CAS  Google Scholar 

  102. Liu, J. et al. Metallization of branched DNA origami for nanoelectronic circuit fabrication. ACS Nano 5, 2240–2247 (2005).

    Google Scholar 

  103. Schreiber, R. et al. DNA origami-templated growth of arbitrarily shaped metal nanoparticles. Small http://dx.doi.org/10.1002/smll.201100465 (2011).

  104. Mao, C., Sun, W., Shen, Z. & Seeman, N. C. A DNA nanomechanical device based on the B–Z transition. Nature 397, 144–146 (1999).

    CAS  Google Scholar 

  105. Gu, H., Chao, J., Xiao, S. J. & Seeman, N. C. A proximity-based programmable DNA nanoscale assembly line. Nature 465, 202–205 (2010).

    CAS  Google Scholar 

  106. Yurke, B. et al. A DNA-fuelled molecular machine made of DNA. Nature 406, 605–608 (2000).

    CAS  Google Scholar 

  107. Zhang, D. Y. & Seelig, G. Dynamic DNA nanotechnology using strand-displacement reactions. Nature Chem. 3, 103–113 (2011).

    CAS  Google Scholar 

  108. Chen, X. & Ellington, A. D. Shaping up nucleic acid computation. Curr. Opin. Biotechnol. 21, 392–400 (2010).

    CAS  Google Scholar 

  109. Stojanovic, M. N. Some experiments and directions in molecular computing and robotics. Isr. J. Chem. 51, 99–105 (2011).

    CAS  Google Scholar 

  110. Liu, H. & Liu, D. DNA nanomachines and their functional evolution. Chem. Commun. 2625–2639 (2009).

  111. Delius, M. & Leigh, D. A. Walking molecules. Chem. Soc. Rev. 40, 3656–3676 (2011).

    Google Scholar 

  112. Goodman, R. P. et al. Reconfigurable, braced, three-dimensional DNA nanostructure. Nature Nanotech. 3, 93–96 (2008).

    CAS  Google Scholar 

  113. Han, D., Pal, S., Liu, Y., Yan, H. Folding and cutting DNA into reconfigurable topological nanostructures. Nature Nanotech. 5, 712–717 (2010).

    CAS  Google Scholar 

  114. Aldaye, F. A. & Sleiman, H. F. Modular access to structurally switchable 3D discrete DNA assemblies. J. Am. Chem. Soc. 129, 13376–13377 (2007).

    CAS  Google Scholar 

  115. Lo, P. K. et al. Loading and selective release of cargo in DNA nanotubes with longitudinal variation. Nature Chem. 2, 319–328 (2010).

    CAS  Google Scholar 

  116. Dirks, R. M. & Pierce, N. A. Triggered amplification by hybridization chain reaction. Proc. Natl Acad. Sci. USA 101, 15275–15278 (2004).

    CAS  Google Scholar 

  117. Venkataraman, S., Dirks, R. M., Rothemund, P. W. K., Winfree, E. & Pierce, N. A. An autonomous polymerization motor powered by DNA hybridization. Nature Nanotech. 2, 490–494 (2007).

    Google Scholar 

  118. Lin, C. et al. Rolling circle enzymatic replication of a complex multi-crossover DNA nanostructure. J. Am. Chem. Soc. 129, 14475–14481 (2007).

    CAS  Google Scholar 

  119. Lin, C. et al. In vivo cloning of artificial DNA nanostructures. Proc. Natl Acad. Sci. USA 105, 17626–17631 (2008).

    CAS  Google Scholar 

  120. Li, Z. et al. A replicable tetrahedral nanostructure self-assembled from a single DNA strand. J. Am. Chem. Soc. 131, 13093–13098 (2009).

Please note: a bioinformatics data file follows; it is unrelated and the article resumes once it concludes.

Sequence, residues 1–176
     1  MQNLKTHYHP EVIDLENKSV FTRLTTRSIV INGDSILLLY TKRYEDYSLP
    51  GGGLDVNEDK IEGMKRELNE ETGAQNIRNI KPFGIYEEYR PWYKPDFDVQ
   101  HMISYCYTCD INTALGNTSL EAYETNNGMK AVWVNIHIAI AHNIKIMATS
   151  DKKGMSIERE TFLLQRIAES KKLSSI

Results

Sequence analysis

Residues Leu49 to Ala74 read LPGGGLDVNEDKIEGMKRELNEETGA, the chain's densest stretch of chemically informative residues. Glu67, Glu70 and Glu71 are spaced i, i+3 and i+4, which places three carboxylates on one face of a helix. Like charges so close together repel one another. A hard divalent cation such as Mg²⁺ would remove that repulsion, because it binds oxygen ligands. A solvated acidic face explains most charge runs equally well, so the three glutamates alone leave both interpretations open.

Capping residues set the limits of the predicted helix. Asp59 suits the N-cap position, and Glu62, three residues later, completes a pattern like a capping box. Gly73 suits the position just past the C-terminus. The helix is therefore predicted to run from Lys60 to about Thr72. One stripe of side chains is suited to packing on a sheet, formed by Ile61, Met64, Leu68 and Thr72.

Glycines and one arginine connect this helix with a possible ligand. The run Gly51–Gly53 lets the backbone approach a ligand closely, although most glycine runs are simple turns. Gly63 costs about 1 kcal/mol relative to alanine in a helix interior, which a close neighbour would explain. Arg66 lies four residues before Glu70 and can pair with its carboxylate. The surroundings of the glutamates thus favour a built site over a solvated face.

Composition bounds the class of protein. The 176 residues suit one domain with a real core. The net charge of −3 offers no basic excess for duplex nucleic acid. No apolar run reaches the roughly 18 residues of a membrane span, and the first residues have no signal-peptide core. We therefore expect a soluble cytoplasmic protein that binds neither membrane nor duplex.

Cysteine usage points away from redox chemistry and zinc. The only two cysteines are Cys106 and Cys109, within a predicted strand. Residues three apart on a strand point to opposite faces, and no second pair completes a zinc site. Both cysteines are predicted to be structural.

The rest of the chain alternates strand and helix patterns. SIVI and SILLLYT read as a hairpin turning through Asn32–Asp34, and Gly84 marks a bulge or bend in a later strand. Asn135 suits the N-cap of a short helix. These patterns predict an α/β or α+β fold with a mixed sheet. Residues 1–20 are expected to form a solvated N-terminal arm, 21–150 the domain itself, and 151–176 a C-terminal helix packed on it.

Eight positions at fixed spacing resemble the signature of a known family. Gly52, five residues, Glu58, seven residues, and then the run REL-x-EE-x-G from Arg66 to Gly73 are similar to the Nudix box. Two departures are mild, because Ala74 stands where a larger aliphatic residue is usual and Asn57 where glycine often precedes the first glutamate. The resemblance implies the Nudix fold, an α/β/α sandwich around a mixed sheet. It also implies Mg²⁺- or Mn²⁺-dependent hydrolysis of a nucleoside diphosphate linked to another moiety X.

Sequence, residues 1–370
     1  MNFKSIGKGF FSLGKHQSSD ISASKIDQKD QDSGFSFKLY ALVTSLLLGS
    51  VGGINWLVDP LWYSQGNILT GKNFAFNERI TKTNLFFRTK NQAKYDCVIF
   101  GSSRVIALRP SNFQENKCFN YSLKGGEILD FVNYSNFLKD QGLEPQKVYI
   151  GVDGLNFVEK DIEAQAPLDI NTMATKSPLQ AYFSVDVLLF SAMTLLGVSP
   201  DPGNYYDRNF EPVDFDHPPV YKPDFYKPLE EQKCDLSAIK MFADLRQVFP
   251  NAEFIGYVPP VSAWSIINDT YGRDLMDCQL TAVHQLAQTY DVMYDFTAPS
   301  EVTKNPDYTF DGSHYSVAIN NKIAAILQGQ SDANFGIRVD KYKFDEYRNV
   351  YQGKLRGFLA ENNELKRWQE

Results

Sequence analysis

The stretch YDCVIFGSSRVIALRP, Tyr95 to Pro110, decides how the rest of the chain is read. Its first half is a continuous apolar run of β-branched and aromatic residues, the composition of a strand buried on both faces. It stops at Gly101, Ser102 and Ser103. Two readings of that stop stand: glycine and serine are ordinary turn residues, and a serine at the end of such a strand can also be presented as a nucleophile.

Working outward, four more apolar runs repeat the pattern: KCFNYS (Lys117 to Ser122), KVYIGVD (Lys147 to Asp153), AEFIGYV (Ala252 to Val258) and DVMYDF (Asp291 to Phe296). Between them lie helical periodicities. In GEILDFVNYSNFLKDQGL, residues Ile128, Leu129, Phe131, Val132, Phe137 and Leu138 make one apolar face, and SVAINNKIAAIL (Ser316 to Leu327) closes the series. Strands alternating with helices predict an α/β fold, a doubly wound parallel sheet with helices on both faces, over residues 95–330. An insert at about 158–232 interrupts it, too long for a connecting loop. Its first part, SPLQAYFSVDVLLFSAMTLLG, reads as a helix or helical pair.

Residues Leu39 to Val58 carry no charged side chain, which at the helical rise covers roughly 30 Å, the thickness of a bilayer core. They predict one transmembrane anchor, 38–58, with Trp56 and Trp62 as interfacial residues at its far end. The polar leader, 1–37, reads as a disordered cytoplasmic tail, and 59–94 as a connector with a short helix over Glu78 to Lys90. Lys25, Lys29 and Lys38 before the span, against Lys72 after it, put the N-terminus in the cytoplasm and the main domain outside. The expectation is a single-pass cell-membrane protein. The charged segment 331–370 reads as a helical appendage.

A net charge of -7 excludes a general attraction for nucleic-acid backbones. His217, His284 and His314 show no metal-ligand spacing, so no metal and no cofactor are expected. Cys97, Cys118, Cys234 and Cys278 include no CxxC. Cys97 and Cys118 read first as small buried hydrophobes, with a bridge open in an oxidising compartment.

CAS  Google Scholar 

  121. Guo, P. The emerging field of RNA nanotechnology. Nature Nanotech. 5, 833–842 (2010).

    CAS  Google Scholar 

  122. Delebecque C. J., Lindner, A. B., Silver, P. A. & Aldaye, F. A. Organization of intracellular reactions with rationally designed RNA assemblies. Science http://dx.doi.org/10.1126/science.1206938 (2011).

  123. Ko, S. H. et al. Synergistic self-assembly of RNA and DNA molecules. Nature Chem. 2, 1050–1055 (2010).

    CAS  Google Scholar 

  124. Mei, Q. et al. Stability of DNA origami nanoarrays in cell lysate. Nano Lett. 11, 1477–1482 (2011).

    CAS  Google Scholar 

  125. Castro, C. E. et al. A primer to scaffold DNA origami. Nature Methods 8, 221–229 (2011).

    CAS  Google Scholar 

  126. Marton, S. et al. In vitro and ex vivo selection procedures for identifying potentially therapeutic DNA and RNA molecules. Molecules 15, 4610–4638 (2010).

    CAS  Google Scholar 

  127. Esvelt, K. M., Carlson, J. C. & Liu, D. R. A system for the continuous directed evolution of biomolecules. Nature 472, 499–503 (2011).

    CAS  Google Scholar 

  128. Douglas, S. M., Chou, J. J. & Shih, W. M. DNA-nanotube-induced alignment of membrane proteins for NMR structure determination. Proc. Natl Acad. Sci. USA 104, 6644–6648 (2007).

    CAS  Google Scholar 

  129. Berardi, M. J., Shih, W. M., Harrison, S. C. & Chou, J. J. Mitochondrial uncoupling protein 2 structure determined by NMR molecular fragment searching. Nature 476, 109–113 (2011).

    CAS  Google Scholar 

  130. Selmi, D. N. et al. DNA-templated protein arrays for single-molecule imaging. Nano Lett. 11, 657–660 (2011).

    CAS  Google Scholar 

  131. Chhabra, C., Sharma, J., Liu, Y. & Yan, H. Addressable molecular tweezers for DNA-templated coupling reactions. Nano Lett. 6, 978–983 (2006).

    CAS  Google Scholar